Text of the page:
Nibbling away at our freedoms

February 26, 1999

ANNAPOLIS - In a committee hearing room, Pappy Boward whispers in the ear of a senator and good-naturedly pats the shoulder of an opponent with the casual aplomb of one who is skilled in jabbing chairs in the whiskers of the legislative tigers who pace the rings of Maryland's General Assembly circus.

It's a talent Boward, a Smithsburg resident and executive director of the motorcycle advocacy group ABATE, no doubt wishes he didn't need.

In 1992 the state government - under pressure from the federal government, which always seems to believe it is under pressure from God - legally required motorcycle riders to wear helmets.

Motorcycle helmets are one of those socks-in-the-shower issues that is hard for non-riders to understand. But as Sen. Alex Mooney knows, the issue has less to do with the comfort of riders than the comfort of American citizens to live in a land where they are not perpetually being told by the government what, and what not, to do.


Mooney has to be calmed down when brandishing a position paper from the GEICO insurance company that wraps up with the words "some rights are not worth having."

Insurance companies and the state weigh in on the helmet issue under the mantle of wishing to preserve lives when the more salient motivation is preservation of their respective bankrolls.

Maryland, tellingly, only passed a motorcycle helmet law when the federal highway administration threatened to withhold federal funding if it didn't. And somehow GEICO lobbyists never seem to make it to legislative hearings on life-preservation issues where their own balance sheet is not affected.

The state says motorcycle deaths are down since the 1992 helmet law was passed, and stops there - just as 55-mph speed limit advocates stop abruptly after reporting that deaths are up in states that raise the speed limit.

As for the speed limits, when considering the number of fatalities-per-mile driven, the statistically truthful way to calculate it, higher speeds do not increase death. And Boward says motorcycle deaths are down because motorcycle accidents are down, due largely to safety programs aggressively pursued by the motorcyclists themselves. Looking at the number of deaths-per-accident, the rate actually went up last year, helmets and all, Boward says.

Statistical jousting aside, however, common sense says that it's riskier to ride without a helmet. Just as it's riskier to ride a motorcycle than drive a car. Just as it's riskier to drive a small car than it is a big car. The state says it is saving lives by compelling helmets. It would also save lives by requiring everyone to drive a Volvo or, better yet, to stay home altogether.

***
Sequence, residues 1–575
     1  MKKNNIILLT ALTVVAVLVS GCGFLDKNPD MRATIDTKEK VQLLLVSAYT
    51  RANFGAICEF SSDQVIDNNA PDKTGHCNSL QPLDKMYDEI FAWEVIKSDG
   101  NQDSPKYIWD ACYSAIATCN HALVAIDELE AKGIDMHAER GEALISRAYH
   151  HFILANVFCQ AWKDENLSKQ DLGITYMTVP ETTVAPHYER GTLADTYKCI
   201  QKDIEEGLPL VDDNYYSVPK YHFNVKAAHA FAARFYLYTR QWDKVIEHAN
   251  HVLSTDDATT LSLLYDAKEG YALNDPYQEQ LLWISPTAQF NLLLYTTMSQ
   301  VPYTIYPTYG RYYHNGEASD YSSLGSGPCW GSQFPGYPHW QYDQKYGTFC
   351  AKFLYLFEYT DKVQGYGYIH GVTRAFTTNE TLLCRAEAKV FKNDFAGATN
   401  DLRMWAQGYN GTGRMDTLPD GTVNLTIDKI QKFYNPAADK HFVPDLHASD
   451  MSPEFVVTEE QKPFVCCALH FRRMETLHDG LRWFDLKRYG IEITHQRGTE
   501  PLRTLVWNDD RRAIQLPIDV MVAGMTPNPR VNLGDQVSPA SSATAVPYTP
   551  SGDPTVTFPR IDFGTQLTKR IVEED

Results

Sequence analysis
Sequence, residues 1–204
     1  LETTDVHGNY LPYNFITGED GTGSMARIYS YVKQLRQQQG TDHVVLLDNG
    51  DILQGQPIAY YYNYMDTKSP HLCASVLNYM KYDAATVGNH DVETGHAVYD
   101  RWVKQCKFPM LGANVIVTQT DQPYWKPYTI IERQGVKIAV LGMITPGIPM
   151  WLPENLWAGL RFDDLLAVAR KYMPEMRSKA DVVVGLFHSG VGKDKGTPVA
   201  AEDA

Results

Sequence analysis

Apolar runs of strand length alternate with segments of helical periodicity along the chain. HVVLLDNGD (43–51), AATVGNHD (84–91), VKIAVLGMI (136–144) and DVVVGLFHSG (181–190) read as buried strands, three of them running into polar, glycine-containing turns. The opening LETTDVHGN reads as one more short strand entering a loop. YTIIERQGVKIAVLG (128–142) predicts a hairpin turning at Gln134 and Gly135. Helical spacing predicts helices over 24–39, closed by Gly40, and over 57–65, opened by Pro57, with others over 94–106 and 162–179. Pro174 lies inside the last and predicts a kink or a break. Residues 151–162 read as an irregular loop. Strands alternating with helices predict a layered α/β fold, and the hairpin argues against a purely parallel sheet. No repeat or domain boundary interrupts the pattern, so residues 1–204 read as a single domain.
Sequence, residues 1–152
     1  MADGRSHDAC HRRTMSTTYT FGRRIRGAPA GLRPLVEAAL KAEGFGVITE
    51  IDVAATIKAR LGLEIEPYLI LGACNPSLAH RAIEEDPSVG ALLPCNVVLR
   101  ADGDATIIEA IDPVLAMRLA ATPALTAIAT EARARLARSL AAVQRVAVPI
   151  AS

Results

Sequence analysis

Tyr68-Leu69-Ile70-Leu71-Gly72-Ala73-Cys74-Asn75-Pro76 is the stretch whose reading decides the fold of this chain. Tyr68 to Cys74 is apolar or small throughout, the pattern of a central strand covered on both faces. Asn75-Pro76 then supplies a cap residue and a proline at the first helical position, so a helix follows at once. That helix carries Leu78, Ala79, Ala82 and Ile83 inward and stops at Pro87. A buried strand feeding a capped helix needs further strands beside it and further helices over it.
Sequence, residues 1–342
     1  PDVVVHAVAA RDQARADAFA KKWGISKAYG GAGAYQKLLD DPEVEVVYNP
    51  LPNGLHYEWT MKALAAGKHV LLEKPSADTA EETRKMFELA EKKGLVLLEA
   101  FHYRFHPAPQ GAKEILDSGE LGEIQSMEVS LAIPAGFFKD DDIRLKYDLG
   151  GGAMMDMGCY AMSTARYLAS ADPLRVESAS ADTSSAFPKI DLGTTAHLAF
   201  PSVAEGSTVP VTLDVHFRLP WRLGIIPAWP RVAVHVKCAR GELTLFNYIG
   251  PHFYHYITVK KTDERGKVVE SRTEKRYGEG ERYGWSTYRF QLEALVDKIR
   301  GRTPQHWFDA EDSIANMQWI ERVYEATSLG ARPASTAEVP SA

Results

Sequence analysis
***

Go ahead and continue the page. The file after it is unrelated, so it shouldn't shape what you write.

When Jefferson wrote of the pursuit of happiness he wasn't specifically talking about the freedom that comes with riding a motorcycle without a helmet. But the statement recognizes there are rewards and there are risks.

To some, all the freedom they need is to put their money into savings accounts and spend their evenings watching "Friends." If that makes them happy, fine. For others to achieve happiness, it takes a bit more - Internet stocks, rock climbing or a strong wind in their faces.

The government has a greater responsibility to protect kids (there's no argument youth should have to wear helmets) and to protect adults where there is a clear danger, such as regulation of bungee-jumping operations.

Helmets aren't on the same plane as free speech or free religion. But helmet laws, confiscation of property for low-rent crimes, surveillance cameras in public places, government perusal of personal e-mail, unfettered tax collectors, unrestricted special prosecutors, tobacco lawsuits, gun laws and behavior modification in the name of safety all fall into the category that I call "nibbling."

Individually they may not seem like much, but together it's the camel's nose under the tent, the government nibbling away at choices, nibbling away at freedoms and nibbling away at the pursuit of happiness.

GEICO says some rights aren't worth having. Mooney says who's to decide what rights are and aren't? The government? Hardly. The government is becoming less of a protector and more of in intruder. Police departments are becoming less of a service and more of an industry.

Government is necessary and most of what the government and police do is good. But control over any aspect of our lives should not be taken lightly, be it wearing a helmet, monitoring electronic mail or telling parents how they should raise their kids.

On Tuesday Boward and about 20 other people with boots and unusual haircuts sat in an Annapolis hearing room fighting for their rights as motorcycle riders. But in the larger sense, they were fighting for us all.

Tim Rowland is a Herald-Mail columnist

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